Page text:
Pushed Out: The Changing Demographics of New Orleans

New Orleans Shotgun House

It isn’t surprising that New Orleans experienced a large population drop from 2000 to 2017. Many (quite correctly) blame the large drop on Hurricane Katrina. However, what might be surprising is how disproportionate the population changes in the city have been.

Shrinking African American Population

According to a report by The Data Center, in 2017 there were 91,274 fewer African Americans living in New Orleans than there were in 2000. By comparison, there were only 7,945 fewer whites, and there were 7,498 more Hispanics.

In the year 2000, African Americans made up 67 percent of the city’s population. In 2017 that percentage, while still the majority, was only 59 percent. In contrast, the share of whites increased from 27 percent to 31 percent.


Many blame these changing demographics on the way the city handled the recovery from Hurricane Katrina. Recovery efforts were concentrated in areas of businesses and wealthier, white neighborhoods. The Federal Emergency Management Association (FEMA) pulled funding from displaced residents living in hotel rooms, which resulted in them being homeless. Those who did return had to wait for months before being given a FEMA trailer.

The lower Ninth Ward, which had been home to many of the city’s hospitality, restaurant, and other tourism industry workers was the last to have its utilities restored, and today remains relatively empty.

Fewer Young People

The report also shows that while more residents are returning than leaving New Orleans, fewer families are returning. In the year 2000, 34 percent of households in the metro area had children under 18. In 2017, that number was down to 24 percent. The total number of children under 18 in the metro decreased from 358,092 to 284,167.

Following Hurricane Katrina, most of the city’s public schools were closed, replaced with charter schools. In 2018, New Orleans became the first city in the country to function with an all-charter school system. This has led to a number of problems. Because admission to the schools is based on a lottery system, many children are unable to attend schools in their own neighborhoods. This leads to long bus rides, and a “revolving door” of sorts where poor performing schools are closed, and students are constantly shifted to new schools with different teachers and different standards – all of which are detrimental to a child’s education.

Many parents did not want to bring their children into this system, and so did not return to the city.

More Education, Less Income

While still higher than the national average, the share of adults 25 and older who had less than a high school degree fell from 25 percent to 14 percent. At the same time, the share of those with a bachelor’s degree or higher rose from 23 to 30 percent.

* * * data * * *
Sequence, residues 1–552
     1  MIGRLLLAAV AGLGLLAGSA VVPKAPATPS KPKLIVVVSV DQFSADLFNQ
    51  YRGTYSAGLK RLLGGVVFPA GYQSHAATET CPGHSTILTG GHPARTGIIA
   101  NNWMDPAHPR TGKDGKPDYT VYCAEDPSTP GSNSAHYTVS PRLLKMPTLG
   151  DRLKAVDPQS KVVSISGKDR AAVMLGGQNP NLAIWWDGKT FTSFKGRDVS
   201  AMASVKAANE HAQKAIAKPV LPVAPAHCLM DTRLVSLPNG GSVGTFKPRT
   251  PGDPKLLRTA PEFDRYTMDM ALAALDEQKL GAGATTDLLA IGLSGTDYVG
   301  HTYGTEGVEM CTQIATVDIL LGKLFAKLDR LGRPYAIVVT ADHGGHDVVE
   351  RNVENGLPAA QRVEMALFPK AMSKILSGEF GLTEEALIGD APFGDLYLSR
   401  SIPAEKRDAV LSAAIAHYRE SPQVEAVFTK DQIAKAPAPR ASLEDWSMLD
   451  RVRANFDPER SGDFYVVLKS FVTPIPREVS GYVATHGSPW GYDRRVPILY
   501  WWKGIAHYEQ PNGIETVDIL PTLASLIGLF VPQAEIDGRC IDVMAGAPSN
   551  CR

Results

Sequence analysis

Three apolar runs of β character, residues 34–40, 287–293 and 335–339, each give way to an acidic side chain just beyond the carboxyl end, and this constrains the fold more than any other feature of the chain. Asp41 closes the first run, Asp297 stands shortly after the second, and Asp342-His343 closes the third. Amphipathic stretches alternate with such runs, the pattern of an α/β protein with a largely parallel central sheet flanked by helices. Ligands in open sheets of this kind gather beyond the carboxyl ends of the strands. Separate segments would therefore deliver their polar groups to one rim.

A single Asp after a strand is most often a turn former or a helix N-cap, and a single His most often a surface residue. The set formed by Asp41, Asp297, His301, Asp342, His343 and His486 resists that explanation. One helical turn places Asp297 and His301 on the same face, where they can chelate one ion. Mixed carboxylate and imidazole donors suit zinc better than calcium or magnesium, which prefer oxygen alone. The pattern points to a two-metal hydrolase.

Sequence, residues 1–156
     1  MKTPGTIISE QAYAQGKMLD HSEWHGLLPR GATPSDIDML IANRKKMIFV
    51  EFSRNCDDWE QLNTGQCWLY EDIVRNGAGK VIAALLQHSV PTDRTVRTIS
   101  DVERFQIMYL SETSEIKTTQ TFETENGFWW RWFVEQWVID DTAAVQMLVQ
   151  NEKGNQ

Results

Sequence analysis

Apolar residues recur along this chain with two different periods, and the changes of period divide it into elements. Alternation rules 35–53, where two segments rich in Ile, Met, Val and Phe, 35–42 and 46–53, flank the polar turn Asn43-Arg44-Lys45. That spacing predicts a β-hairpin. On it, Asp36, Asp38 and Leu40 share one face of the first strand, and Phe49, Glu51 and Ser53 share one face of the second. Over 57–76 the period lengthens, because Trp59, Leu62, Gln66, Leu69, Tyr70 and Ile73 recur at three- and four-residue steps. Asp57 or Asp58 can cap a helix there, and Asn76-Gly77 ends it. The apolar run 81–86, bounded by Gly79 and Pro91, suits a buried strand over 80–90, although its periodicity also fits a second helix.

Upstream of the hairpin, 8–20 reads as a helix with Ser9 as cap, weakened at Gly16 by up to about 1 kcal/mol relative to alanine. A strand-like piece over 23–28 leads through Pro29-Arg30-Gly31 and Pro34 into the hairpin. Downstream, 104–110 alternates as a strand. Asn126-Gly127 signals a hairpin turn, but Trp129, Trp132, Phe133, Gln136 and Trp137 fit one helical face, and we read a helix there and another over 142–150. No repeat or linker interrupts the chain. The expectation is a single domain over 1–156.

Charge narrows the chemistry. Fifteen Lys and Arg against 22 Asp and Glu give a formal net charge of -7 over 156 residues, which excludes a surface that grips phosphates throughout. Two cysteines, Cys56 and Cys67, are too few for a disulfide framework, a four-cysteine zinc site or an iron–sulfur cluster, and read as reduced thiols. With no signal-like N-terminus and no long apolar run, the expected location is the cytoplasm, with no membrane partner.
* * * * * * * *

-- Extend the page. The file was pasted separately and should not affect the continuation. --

Unfortunately, household incomes haven’t changed accordingly. In the metro area, the average household income declined slightly, from $50,808/yr to $50,528 per year. In Orleans Parish, the decline was greater, from $39,034/yr to $36,999/yr.

This isn’t surprising, considering that national income hasn’t increased in decades. Since the 1970s, hourly wages have risen only 0.2% per year when adjusted for inflation.

Less Affordable Housing

Although wages in the city largely remained the same from 2000 to 2017, housing costs spiked alarmingly. It is well-known that there is an affordable housing crisis in the city, but many people are unaware of just how large the difference is. In the year 2000, only 22 percent of metro area households had severe housing cost burdens. In 2017, that number had spiked to 32 percent. In Orleans Parish, the disparity was even greater, rising from 24 to 38 percent.

In 2000, the average rent (adjusted for inflation) was $808. In 2017, rents rose 30 percent to $965. In addition, in Orleans Parish, 41 percent of all housing units are pre-1950s structures. These homes are less energy efficient, harder to maintain, and often have problems such as lead paint.

The problems of affordable housing have been exacerbated by the rise of short term rentals, which has led to increased gentrification. The “whole house” rental phenomenon led to many developers buying up houses in desirable neighborhoods and using them for short term rentals rather than allowing families and residents to move in. While the city council has now taken steps to curb this phenomenon, and otherwise “rein in” short term rentals across the city, for some, the effort is too little, too late.